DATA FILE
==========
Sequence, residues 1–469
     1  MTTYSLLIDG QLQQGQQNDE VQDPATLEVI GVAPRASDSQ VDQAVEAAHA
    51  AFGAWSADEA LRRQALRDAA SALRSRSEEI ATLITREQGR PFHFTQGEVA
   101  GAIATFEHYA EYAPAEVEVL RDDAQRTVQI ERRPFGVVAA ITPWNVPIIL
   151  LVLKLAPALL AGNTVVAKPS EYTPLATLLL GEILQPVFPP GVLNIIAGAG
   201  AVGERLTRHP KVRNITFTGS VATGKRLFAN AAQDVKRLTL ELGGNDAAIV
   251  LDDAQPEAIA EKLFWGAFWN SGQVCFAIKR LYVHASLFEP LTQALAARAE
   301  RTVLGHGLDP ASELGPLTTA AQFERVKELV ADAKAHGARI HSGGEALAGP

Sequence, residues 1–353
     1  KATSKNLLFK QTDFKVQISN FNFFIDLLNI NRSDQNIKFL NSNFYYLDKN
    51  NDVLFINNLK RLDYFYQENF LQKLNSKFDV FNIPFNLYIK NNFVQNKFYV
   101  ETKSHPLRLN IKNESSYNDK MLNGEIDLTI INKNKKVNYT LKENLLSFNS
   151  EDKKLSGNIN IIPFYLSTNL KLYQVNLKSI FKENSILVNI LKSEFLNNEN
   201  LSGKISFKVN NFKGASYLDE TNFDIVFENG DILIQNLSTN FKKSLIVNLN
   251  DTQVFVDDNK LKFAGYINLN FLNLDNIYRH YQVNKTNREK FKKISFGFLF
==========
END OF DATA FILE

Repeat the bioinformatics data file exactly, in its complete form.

Sequence, residues 1–469
     1  MTTYSLLIDG QLQQGQQNDE VQDPATLEVI GVAPRASDSQ VDQAVEAAHA
    51  AFGAWSADEA LRRQALRDAA SALRSRSEEI ATLITREQGR PFHFTQGEVA
   101  GAIATFEHYA EYAPAEVEVL RDDAQRTVQI ERRPFGVVAA ITPWNVPIIL
   151  LVLKLAPALL AGNTVVAKPS EYTPLATLLL GEILQPVFPP GVLNIIAGAG
   201  AVGERLTRHP KVRNITFTGS VATGKRLFAN AAQDVKRLTL ELGGNDAAIV
   251  LDDAQPEAIA EKLFWGAFWN SGQVCFAIKR LYVHASLFEP LTQALAARAE
   301  RTVLGHGLDP ASELGPLTTA AQFERVKELV ADAKAHGARI HSGGEALAGP

Sequence, residues 1–353
     1  KATSKNLLFK QTDFKVQISN FNFFIDLLNI NRSDQNIKFL NSNFYYLDKN
    51  NDVLFINNLK RLDYFYQENF LQKLNSKFDV FNIPFNLYIK NNFVQNKFYV
   101  ETKSHPLRLN IKNESSYNDK MLNGEIDLTI INKNKKVNYT LKENLLSFNS
   151  EDKKLSGNIN IIPFYLSTNL KLYQVNLKSI FKENSILVNI LKSEFLNNEN
   201  LSGKISFKVN NFKGASYLDE TNFDIVFENG DILIQNLSTN FKKSLIVNLN
   251  DTQVFVDDNK LKFAGYINLN FLNLDNIYRH YQVNKTNREK FKKISFGFLF